As Michigan Radio's Tracy Samilton reports, Volkswagen has given the drive its blessing, so outside groups are stepping in to fight the union.

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3:43am

Tue February 4, 2014
All Tech Considered

Facebook At 10: Amid Doubters, Company Eyes Next Growth Phase

Originally published on Thu February 6, 2014 8:12 am

Facebook co-founder and CEO Mark Zuckerberg told James Bennet, editor in chief of The Atlantic, in September that he wasn't worried about whether Facebook is "cool." "We're almost 10 years old, and we're definitely not a niche thing at this point," Zuckerberg said.
Win McNamee Getty Images

Ten years ago, when Mark Zuckerberg launched Facebook at Harvard, Noah Buyon was only nine years old.

Facebook started out as a site exclusively for college students, so it took Buyon a few years to find out about it. But when his older brothers got accounts, he wanted one too.

"It became kind of the cool thing to have," Buyon says. "I couldn't hold out any more — and I got it, and I've been saddled with it ever since."

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3:03am

Tue February 4, 2014
Parallels

Istanbul's Mega-Projects: Bigger Is Better, Or A 'Crazy Canal'?

Originally published on Thu February 6, 2014 8:12 am

The pillars for the Yavuz Sultan Selim Bridge, commonly known as the "Third Bridge" rise from the Anatolian and European sides of the Bosphorus, above the fishing harbor of Poyrazkoy. When completed, the bridge will be over two kilometers in length, making it the longest combination railway/highway bridge in the world.
Jodi Hilton for NPR

Istanbul has long been a city of historical layers and sharp contrasts: ancient monuments share the skyline none too comfortably with modern skyscrapers, and charming cobbled streets run alongside massive highway traffic snarls.

Those contrasts have multiplied under Prime Minister Recep Tayyip Erdogan, and his love of giant building projects hasn't abated after more than a decade in power.

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6:14pm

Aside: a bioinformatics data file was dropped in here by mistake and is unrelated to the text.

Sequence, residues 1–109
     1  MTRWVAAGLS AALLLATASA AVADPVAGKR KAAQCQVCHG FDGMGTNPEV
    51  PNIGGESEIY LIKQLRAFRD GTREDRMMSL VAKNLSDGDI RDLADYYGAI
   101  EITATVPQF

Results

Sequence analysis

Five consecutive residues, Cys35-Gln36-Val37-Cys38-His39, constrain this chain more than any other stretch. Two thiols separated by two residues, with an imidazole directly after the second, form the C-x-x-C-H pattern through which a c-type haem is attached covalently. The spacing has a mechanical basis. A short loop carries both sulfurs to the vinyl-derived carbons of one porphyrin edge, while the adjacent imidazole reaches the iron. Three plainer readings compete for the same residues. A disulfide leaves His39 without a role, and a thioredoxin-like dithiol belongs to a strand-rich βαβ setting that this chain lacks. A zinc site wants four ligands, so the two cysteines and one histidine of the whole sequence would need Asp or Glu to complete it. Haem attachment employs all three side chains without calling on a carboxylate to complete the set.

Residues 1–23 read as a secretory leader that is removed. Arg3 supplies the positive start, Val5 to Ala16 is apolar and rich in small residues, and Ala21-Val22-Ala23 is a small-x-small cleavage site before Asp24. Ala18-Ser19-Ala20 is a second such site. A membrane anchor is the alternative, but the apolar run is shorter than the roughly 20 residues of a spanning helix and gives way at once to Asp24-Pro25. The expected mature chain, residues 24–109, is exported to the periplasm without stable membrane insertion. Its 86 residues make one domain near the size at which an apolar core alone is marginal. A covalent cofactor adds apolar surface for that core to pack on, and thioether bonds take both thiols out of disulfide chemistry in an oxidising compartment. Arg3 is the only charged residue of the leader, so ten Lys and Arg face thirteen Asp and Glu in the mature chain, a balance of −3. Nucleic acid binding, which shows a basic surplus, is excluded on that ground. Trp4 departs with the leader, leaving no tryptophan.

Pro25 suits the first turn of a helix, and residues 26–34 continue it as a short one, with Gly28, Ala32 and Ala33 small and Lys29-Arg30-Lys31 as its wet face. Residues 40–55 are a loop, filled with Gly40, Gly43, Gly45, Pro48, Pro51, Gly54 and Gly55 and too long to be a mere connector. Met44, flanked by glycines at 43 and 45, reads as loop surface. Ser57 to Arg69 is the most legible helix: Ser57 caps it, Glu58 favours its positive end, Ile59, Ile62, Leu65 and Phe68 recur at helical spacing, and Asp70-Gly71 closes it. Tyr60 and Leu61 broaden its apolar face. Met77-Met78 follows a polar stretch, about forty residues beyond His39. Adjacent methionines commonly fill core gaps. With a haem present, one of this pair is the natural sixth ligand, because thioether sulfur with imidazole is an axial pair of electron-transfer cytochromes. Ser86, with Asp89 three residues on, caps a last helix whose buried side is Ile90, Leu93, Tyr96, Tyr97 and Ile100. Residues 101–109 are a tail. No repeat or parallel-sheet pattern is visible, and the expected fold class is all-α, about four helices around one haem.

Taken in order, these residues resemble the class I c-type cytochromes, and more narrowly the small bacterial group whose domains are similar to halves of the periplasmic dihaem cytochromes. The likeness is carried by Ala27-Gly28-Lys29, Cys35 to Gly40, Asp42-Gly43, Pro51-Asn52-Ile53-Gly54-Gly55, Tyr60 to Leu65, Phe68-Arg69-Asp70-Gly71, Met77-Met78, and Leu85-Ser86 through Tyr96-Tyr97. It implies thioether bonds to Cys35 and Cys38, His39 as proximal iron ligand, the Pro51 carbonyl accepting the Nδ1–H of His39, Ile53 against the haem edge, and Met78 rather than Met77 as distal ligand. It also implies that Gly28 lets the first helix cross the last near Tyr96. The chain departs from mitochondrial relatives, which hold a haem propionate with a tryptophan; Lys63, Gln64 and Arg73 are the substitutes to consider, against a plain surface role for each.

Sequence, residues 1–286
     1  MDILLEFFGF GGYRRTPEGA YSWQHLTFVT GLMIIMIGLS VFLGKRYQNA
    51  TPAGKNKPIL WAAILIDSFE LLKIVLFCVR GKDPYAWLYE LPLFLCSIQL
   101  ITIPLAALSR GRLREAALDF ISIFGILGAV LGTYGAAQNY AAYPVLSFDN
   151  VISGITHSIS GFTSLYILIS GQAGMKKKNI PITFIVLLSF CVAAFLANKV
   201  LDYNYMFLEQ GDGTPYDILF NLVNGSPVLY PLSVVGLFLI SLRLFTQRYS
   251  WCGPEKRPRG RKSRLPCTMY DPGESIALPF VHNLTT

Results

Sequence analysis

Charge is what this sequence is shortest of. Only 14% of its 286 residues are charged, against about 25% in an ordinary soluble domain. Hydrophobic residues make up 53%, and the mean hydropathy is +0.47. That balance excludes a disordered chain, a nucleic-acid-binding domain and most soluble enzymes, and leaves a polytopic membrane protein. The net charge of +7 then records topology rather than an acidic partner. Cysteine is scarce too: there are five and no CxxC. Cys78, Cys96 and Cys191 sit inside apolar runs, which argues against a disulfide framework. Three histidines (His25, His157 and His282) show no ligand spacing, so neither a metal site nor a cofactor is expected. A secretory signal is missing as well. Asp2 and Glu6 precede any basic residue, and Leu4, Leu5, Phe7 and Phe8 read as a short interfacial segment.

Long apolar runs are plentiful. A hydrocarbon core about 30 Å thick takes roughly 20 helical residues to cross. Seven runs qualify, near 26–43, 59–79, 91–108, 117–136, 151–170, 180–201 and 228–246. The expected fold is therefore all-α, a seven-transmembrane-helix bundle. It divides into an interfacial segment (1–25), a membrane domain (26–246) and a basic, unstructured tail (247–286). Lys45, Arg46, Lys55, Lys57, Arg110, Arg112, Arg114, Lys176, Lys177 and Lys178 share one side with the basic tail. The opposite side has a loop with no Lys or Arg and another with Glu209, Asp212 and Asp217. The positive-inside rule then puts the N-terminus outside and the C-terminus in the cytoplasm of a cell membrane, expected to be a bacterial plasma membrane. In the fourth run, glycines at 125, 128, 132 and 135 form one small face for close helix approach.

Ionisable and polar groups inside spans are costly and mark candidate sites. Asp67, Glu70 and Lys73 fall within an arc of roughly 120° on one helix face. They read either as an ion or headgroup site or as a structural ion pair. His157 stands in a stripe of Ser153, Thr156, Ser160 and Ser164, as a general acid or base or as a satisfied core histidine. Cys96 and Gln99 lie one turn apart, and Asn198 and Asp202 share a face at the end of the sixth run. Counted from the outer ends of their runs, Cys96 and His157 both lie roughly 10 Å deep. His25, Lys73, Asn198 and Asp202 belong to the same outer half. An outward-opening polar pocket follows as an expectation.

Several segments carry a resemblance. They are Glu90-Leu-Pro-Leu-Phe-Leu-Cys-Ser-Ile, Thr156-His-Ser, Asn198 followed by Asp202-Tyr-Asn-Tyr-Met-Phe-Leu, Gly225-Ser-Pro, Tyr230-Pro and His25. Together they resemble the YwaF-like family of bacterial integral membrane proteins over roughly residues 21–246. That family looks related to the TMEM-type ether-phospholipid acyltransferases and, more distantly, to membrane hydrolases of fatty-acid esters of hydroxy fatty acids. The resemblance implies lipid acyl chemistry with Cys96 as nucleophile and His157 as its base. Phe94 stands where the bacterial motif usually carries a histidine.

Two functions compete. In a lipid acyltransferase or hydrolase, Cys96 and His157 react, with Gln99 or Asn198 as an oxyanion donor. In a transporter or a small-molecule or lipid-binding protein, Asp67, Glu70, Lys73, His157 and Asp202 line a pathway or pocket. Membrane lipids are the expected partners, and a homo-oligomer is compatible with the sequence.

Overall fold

Mon February 3, 2014
The Salt

All Hail The Asparagus Queen! How Ag Pageants Lure New Contestants

Originally published on Mon February 3, 2014 7:33 pm

The 2011 Asparagus Queen, Megan Roskan, and runner-up Christine Merten wave to spectators during an Independence Day parade in Whitehall, Mich. With interests waning in agricultural pageants, organizers are relaxing the requirements to encourage more people to apply.
Courtesy of Phil Squattrito

Forget Miss USA and Miss Universe.

Think you've got what it takes to be the Asparagus Queen?

Mainstream beauty pageants still get tons of applicants every year (even after the dip in participation during the 2008 recession). The same can't be said for the rural festival pageant circuits, The Wall Street Journal's Lindsay Gellman tells Audie Cornish on All Things Considered.

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5:42pm

Mon February 3, 2014
The Two-Way

Stocks Head Lower; Investors Wonder What's Next

Originally published on Mon February 3, 2014 6:44 pm

Traders work on the floor of the New York Stock Exchange at the end of the trading day on Monday in New York City.
Spencer Platt Getty Images

If your New Year's resolution was, "I am going to prepare for retirement by moving my savings into stocks," then you must be very sad now.

Broncos-fan-level sad.

On Monday, the Dow Jones industrial average plunged an additional 326 points, down about 2 percent to 15,373. That was the seventh triple-digit drop so far this year. Back on Dec. 31, the Dow was at 16,577.